It’s about that time. Manufacturing companies all over are working on developing their marketing budgets for 2013. With the economic climate as unsettled as it’s been, you might be faced with having to make some tough decisions regarding your budget. There’s just simply not enough money to fully participate in every marketing effort you’d like to engage in. How can you develop a budget that helps you participate in the most effective marketing activities for your manufacturing business? Here are five things you can do to make wise budgeting decisions.
- Develop Marketing Goals. It might seem obvious, but this is probably the most important step that you should not overlook. If your goals are to launch new products, enter new markets, develop a thought leadership position, increase brand visibility, or anything else, you’ll need to consider these factors as you lay out your budget.
- Prioritize Your Marketing Goals. You could have any number of marketing goals, but to successfully budget to meet these goals, you’ll need to set priorities. You might need to set aside some goals in order to achieve the most important ones. Develop your budget from the top down and allocate the bulk of your budget to your “must achieve” goals.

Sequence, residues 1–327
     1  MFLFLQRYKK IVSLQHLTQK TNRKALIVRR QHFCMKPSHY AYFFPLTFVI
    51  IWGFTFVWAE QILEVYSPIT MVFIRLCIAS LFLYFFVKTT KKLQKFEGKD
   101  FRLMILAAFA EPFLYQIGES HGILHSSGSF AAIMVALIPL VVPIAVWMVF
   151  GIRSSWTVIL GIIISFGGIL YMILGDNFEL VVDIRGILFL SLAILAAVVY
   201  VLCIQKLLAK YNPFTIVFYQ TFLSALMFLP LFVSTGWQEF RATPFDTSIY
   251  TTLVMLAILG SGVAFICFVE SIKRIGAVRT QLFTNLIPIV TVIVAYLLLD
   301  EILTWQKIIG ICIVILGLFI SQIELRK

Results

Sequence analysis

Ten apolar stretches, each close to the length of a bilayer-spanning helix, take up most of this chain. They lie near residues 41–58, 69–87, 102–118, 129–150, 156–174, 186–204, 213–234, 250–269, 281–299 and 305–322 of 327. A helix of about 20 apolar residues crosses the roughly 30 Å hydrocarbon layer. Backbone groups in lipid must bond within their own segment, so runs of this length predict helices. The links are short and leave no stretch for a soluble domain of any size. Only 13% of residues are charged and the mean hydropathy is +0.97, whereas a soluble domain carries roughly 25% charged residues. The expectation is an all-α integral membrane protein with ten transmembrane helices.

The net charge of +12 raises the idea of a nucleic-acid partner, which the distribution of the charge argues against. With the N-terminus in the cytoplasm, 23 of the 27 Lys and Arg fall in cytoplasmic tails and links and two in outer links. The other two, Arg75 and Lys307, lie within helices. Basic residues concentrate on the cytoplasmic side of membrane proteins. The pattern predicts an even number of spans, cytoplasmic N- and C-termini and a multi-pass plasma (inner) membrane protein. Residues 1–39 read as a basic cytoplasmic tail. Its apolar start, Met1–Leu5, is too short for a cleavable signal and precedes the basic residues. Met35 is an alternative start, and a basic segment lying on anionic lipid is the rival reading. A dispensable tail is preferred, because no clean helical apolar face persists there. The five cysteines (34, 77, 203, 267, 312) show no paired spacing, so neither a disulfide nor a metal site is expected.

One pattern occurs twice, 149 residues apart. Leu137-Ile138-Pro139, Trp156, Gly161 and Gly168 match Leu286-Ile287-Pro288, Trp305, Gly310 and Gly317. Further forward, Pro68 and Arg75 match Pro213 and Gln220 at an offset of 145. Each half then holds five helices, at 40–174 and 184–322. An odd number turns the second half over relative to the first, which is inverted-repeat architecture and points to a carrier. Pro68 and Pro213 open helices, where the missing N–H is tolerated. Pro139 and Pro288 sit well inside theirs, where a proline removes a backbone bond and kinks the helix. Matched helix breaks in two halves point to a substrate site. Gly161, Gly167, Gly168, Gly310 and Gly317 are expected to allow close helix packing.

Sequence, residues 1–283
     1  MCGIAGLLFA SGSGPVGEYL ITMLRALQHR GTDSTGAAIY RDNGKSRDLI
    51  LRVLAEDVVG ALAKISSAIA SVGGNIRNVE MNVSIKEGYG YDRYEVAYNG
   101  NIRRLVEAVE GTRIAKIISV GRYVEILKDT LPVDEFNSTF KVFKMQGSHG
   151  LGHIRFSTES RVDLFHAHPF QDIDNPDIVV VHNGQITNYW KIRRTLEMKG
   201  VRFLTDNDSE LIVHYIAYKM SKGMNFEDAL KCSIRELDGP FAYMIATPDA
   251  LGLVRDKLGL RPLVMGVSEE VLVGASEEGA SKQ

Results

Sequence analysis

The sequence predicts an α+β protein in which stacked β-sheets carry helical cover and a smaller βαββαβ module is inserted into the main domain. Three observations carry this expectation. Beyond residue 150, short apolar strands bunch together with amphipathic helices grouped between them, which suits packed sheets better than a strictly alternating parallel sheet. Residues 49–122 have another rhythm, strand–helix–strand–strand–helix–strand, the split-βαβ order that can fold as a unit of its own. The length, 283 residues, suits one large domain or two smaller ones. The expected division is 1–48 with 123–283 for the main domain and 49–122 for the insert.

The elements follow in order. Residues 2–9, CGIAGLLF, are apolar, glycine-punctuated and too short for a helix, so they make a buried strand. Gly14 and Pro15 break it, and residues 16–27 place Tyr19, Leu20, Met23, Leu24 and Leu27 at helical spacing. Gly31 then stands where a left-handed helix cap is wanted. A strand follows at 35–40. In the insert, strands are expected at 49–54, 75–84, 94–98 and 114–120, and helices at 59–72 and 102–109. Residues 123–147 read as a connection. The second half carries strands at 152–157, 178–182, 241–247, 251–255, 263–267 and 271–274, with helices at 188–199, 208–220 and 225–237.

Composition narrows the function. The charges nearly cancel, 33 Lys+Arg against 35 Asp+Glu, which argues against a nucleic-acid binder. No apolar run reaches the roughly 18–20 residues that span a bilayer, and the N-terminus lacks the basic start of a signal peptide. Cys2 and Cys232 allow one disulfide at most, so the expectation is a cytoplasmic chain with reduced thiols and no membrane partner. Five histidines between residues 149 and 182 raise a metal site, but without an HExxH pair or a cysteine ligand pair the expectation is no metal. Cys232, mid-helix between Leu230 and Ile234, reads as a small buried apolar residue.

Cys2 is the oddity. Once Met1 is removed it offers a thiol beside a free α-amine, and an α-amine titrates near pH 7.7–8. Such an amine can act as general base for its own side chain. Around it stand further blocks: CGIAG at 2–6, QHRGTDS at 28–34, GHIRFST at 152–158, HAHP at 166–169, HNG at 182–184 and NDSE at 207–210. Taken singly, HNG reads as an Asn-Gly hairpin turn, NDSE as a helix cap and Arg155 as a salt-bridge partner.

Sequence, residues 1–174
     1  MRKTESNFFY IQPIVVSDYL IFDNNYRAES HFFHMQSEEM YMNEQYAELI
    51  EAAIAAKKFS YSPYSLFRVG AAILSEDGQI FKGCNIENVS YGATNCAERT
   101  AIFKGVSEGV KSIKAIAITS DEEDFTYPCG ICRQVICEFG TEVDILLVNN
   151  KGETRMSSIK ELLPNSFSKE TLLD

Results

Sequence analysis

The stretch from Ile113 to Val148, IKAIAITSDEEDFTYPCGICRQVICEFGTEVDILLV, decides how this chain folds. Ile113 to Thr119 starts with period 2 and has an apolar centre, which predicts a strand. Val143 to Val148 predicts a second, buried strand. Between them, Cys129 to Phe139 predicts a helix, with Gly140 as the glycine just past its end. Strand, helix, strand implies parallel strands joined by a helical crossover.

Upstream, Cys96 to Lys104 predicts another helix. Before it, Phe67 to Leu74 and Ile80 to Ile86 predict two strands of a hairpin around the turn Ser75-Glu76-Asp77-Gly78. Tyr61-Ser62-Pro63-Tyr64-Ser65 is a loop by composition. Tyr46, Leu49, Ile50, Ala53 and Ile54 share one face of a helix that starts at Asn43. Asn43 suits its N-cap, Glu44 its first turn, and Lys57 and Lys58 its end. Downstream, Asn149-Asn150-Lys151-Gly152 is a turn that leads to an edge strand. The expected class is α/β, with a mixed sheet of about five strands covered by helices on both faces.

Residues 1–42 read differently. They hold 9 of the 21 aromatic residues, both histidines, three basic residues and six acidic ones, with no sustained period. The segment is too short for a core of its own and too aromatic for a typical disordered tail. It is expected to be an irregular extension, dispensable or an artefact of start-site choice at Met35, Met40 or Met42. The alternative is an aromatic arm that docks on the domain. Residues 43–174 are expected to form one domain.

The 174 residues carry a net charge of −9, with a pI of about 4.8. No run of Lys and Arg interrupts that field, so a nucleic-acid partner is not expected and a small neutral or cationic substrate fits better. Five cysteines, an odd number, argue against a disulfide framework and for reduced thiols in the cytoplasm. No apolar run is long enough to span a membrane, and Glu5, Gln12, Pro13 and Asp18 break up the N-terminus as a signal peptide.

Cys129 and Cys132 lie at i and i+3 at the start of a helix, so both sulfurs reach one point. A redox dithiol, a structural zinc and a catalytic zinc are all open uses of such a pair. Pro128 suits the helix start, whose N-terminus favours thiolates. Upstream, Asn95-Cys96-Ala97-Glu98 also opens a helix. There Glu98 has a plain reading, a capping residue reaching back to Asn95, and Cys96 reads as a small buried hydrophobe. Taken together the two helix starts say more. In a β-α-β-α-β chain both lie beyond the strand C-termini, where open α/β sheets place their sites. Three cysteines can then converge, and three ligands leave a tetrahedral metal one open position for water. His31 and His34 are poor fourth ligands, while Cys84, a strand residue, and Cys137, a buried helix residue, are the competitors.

- Learn From the Past. When it’s time to develop your 2013 marketing budget, it’s the perfect time to re-evaluate some of your marketing programs. Measure how much money and effort you put into each marketing activity and determine what you really get out of them. If you’re currently involved in online marketing, you can easily measure the conversions, clicks and impressions. If you’re not involved in online marketing, think about how your target audience uses the Internet. Internet marketing is becoming more popular with manufacturing companies today, so if you haven’t considered entering this space, now might be the time to do it.
- Spend a Little, Make a Lot. Invest your marketing dollars in programs that can help you achieve multiple goals. If you’re working with different partners, share all of your marketing goals with them. They might be able to help you in ways you didn’t anticipate.
- Plan for Everything. As you probably already know, nothing is set in stone. Goals can change and the economy can shift as the year goes on. You should develop your 2013 marketing budget based on the most likely scenario, but be prepared for things to change. You might end up needing to re-allocate funds during the year or even slash your budget.
What are some things you consider when determining your manufacturing marketing budgets?
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